Seeing what’s meant for many with but one.
A neat, snug study on a winter’s night,
A book, friend, single lady, or a glass
Of claret, sandwich, and an appetite,
Are things which make an English evening pass;
Though certes by no means so grand a sight
As is a theatre lit up by gas.
I pass my evenings in long galleries solely,
And that’s the reason I’m so melancholy.
-Canto V, 57-58
Just as an aside, there’s another digression about Queen Semiramis and her relationship with a horse in stanza 61 which was censored from my copy.
As Juan and the other new slaves are being led through an opulent palace and being dressed in fancy new clothes, Baba, the black eunuch who is escorting them, recommends they get circumcised (i.e., convert to Islam). Johnson thinks it reasonable to participate in such a noble and ancient rite. Juan, however, doesn’t like that idea. “Strike me dead,” Juan says, “But they as soon shall circumcise my head.” (Canto V, 71)
Baba then instructs Juan to dress up like a lady. Juan asks why and Baba won’t tell him. “What, sir,” said Juan, “shall it e’er be told/that I unsex’d my dress?” But Baba stroking/the things down, said, — “Incense me, and I call/Those who will leave you of no sex at all.” (Canto V, 75) So, in order to keep his sex, Juan puts on a dress.
In Stanza 77, Bryon uses a Scottish word and admits he did it for the sake of rhyme, which I thought was kind of funny. Anyway, Juan ends up meeting his new owner, a sultan’s bride named Gulbeyaz who bought him to be her plaything. She wanted him disguised as a woman so her husband wouldn’t know. She asks if Juan is capable of love, and Juan starts crying remembering his previous lover Haidee. Seeing this, Gulbeyaz tears up, even though she’s never felt sympathy before. Nevertheless, as Juan’s new owner, she insists Juan become her lover. He responds that:
“The prison’d eagle will not pair, nor I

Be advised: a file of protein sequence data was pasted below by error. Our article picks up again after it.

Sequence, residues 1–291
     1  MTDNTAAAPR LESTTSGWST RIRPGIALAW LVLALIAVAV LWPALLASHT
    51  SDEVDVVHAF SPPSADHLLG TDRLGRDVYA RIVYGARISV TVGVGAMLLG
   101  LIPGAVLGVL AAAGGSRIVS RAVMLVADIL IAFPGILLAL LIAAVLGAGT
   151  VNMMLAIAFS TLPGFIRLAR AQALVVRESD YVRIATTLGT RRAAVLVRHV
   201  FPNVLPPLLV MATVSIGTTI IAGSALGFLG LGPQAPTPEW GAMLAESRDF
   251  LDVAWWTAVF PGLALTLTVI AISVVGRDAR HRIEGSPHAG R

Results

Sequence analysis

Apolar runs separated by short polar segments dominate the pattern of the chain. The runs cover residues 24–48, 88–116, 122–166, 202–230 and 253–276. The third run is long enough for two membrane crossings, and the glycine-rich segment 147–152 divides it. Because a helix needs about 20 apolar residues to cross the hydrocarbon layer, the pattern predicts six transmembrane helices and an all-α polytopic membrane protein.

Serve a sultana’s sensual phantasy.
“Thou ask’st if I can love? be this the proof
How much I have loved–that I love not thee!
In this vile garb, the distaff’s web and woof
Were fitter for me: love is for the free!
I am not dazzled by this splendid roof.
Whate’er thy power, and great it seems to be–
Heads bow, knees bend, eyes watch around a throne,
And hands obey–our hearts are still our own.”
-Canto V, 126-127
Byron describes the situation as similar to Joseph and Potiphar’s wife in the Bible (Canto V, 131) Enraged at the rejection, “Her first thought was to cut off Juan’s head;/Her second, to cut only his–acquaintance.” (Canto V, 139) Once again, Juan seems to be in danger of losing his sex.
But instead of cutting anything off him, Gulbeyaz bursts into tears, which makes Juan feel sorry for her. As Canto V draws to a close, we’re introduced to her husband, the Sultan. Gulbeyaz is the favorite of his four wives and all his harem. We’re told he marries his daughters off in political marriages, sometimes when they’re as young as six. He also kills off his sons, so basically, we’re not supposed to root for him.
As a side note, I wonder if Lord Byron was the first person to come up with the term throwing shade: “She laid/Some stress upon those charms which seldom are/By the possessors thrown into the shade.” (Canto V, 129)
Wow, a lot happened in this Canto. How will Don Juan this situation fix? For answers, let’s next peruse canto six.